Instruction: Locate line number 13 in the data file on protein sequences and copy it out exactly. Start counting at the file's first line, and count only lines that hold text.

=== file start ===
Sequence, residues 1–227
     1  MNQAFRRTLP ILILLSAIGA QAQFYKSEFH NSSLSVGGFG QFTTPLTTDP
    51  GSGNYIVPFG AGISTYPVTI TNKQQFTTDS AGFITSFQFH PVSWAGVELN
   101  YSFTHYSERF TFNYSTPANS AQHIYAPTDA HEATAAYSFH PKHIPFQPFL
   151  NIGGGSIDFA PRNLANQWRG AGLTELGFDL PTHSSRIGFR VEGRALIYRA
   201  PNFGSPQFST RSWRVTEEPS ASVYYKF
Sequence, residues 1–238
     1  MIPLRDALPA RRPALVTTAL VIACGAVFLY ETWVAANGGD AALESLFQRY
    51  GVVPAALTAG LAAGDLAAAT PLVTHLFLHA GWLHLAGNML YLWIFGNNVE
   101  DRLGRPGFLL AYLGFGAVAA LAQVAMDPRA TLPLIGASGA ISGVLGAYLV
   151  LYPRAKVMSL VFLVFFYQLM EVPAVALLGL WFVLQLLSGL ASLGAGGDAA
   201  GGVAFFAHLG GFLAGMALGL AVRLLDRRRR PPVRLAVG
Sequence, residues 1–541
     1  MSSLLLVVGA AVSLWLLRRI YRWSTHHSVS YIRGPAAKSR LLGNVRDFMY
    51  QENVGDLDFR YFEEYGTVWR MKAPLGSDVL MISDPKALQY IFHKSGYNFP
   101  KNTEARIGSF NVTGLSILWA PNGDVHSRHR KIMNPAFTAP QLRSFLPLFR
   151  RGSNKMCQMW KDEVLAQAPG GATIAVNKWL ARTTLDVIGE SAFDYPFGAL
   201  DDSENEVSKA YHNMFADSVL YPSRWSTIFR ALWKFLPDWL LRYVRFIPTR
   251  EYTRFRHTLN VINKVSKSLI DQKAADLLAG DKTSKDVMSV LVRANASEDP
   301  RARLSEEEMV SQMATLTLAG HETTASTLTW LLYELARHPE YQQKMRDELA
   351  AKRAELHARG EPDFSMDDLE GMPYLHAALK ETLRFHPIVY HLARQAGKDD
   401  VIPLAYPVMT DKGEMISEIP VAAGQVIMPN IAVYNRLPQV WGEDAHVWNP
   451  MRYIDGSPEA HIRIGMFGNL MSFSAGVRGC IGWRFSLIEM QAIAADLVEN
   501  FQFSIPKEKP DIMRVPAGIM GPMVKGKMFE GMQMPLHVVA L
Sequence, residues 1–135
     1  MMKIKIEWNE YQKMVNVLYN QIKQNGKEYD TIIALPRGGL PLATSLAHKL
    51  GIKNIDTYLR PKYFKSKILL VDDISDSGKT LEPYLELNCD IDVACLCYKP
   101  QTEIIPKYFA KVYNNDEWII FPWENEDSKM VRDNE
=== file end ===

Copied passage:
Sequence, residues 1–541